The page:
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Appendix A.  Helpful Utilities

Retrieving, building, updating, and maintaining a Linux kernel source tree involves a lot of different steps, as this book has shown. Developers being naturally lazy creatures, they have created some programs to help with the various routine tasks. Here we describe a few of these useful tools and the basics on how to use them.

Linux kernel development differs in many ways from traditional software development. Some of the special demands on kernel programmers include:

  • Constantly applying your changes to the moving target of a fast-based kernel development release schedule.

  • Resolving any merge conflicts between changes you have made and changes made by other people.

  • Exporting your changes in a format that lets others incorporate and work with it easily.

patch and diff [16]

One of the most common methods of doing kernel work is to use the patch and diff programs. To use these tools, two different directory trees: a "clean" one and a "working" one must be used. The clean tree is a released kernel version, while the working one is based on the same version but contains your modifications. Then you can use patch and diff to extract your changes and port them forward to a new kernel release.

For an example, create two directories containing the latest kernel version as described in Chapter 4, Retrieving the kernel source :

$ 
tar -zxf linux-2.6.19.tar.gz

$ 
mv linux-2.6.19 linux-2.6.19-dirty

$ 
tar -zxf linux-2.6.19.tar.gz

$ 
ls

linux-2.6.19/
linux-2.6.19-dirty/

Now make all of the different changes you wish to do in the -dirty directory and leave the clean, original kernel directory alone. After finishing making changes, you should create a patch to send it to other people:

$ 
diff -Naur -X linux-2.6.19/Documentation/dontdiff linux-2.6.19/ linux-2.6.19-dirty/ > my_patch

This will create a file called my_patch that contains the difference between your work and a clean 2.6.19 kernel tree. This patch then can be sent to other people via e-mail.

New Kernel Versions

If a new kernel version is released, and you wish to port your changes to the new version, you need to try to apply your generated patch onto a clean kernel version. This can be done in the following steps:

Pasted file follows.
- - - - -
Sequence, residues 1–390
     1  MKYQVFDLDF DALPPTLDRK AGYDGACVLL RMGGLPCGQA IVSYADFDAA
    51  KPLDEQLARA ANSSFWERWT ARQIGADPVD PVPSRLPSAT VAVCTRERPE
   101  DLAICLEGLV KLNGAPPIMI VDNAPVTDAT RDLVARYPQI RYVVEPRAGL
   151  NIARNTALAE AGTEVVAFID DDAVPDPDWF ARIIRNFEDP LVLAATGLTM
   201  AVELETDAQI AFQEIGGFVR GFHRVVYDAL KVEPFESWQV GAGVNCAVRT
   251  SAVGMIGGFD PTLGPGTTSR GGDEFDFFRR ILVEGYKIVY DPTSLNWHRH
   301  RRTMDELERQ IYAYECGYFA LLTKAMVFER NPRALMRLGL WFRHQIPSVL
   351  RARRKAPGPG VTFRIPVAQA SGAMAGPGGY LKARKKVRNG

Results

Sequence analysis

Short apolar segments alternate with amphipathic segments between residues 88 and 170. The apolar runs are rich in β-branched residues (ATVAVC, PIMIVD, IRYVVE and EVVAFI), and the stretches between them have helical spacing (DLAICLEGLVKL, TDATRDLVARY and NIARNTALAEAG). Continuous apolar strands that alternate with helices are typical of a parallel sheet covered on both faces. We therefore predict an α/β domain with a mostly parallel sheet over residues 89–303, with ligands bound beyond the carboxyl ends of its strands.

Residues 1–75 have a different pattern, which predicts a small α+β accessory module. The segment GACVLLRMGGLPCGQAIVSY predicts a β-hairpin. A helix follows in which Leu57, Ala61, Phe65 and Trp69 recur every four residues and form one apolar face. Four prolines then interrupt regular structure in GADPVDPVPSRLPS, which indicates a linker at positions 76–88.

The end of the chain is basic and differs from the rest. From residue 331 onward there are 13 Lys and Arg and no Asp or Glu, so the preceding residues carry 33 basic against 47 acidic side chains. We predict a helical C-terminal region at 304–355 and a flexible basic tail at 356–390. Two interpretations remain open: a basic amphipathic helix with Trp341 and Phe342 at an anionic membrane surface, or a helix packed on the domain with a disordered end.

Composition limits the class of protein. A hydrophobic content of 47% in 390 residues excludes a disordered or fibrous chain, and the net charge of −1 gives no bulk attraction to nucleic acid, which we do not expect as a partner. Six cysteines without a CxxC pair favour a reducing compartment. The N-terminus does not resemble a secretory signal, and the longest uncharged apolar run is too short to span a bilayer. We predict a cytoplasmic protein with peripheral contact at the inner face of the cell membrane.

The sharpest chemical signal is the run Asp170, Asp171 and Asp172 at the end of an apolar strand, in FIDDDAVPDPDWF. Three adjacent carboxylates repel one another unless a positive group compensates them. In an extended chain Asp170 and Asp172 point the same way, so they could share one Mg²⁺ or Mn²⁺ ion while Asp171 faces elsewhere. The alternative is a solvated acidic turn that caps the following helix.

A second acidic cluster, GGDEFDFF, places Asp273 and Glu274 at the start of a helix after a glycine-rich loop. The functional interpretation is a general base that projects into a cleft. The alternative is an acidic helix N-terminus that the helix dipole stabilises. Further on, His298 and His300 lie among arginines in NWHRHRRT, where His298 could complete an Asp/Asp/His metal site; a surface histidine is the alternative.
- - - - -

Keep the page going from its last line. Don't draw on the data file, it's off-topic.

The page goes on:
1. Generate your original patch, as in the previous example.

  2. Using the official patch from kernel.org , move the old kernel version forward one release:

    $ 
    cd linux-2.6.19
    
    $ 
    patch -p1 < ../patch-2.6.20
    
    $ 
    cd ..
    
    $ 
    mv linux-2.6.19 linux-2.6.20
    
    
  3. Move your working directory forward one release by removing your patch, then apply the new update:

    $ 
    cd linux-2.6.19-dirty
    
    $ 
    patch -p1 -R < ../my_patch
    
    $ 
    patch -p1 < ../patch-2.6.20
    
    $ 
    cd ..
    
    $ 
    mv linux-2.4.19-dirty linux-2.6.20-dirty
    
    

  4. Try to apply your patch on top of the new update:

    $ 
    cd linux-2.6.20-dirty
    
    $ 
    patch -p1 < ../my_patch
    
    

    If your patch does not apply cleanly, resolve all of the conflicts that are created (the patch command will tell you about these, leaving behind .rej and .orig files for you to compare and fix up manually using your favorite editor). This merge process can be the most difficult part if you have made changes to portions of the source tree that have been changed by other people.

If you use this development process, I highly recommend getting the excellent patchutils set of programs (found at http://cyberelk.net/tim/patchutils). These programs enable you to manipulate text patches easily in all sorts of useful ways, and have saved kernel developers many hours of tedious work.



[16] This section is based on an article originally published in Linux Journal.


 
 
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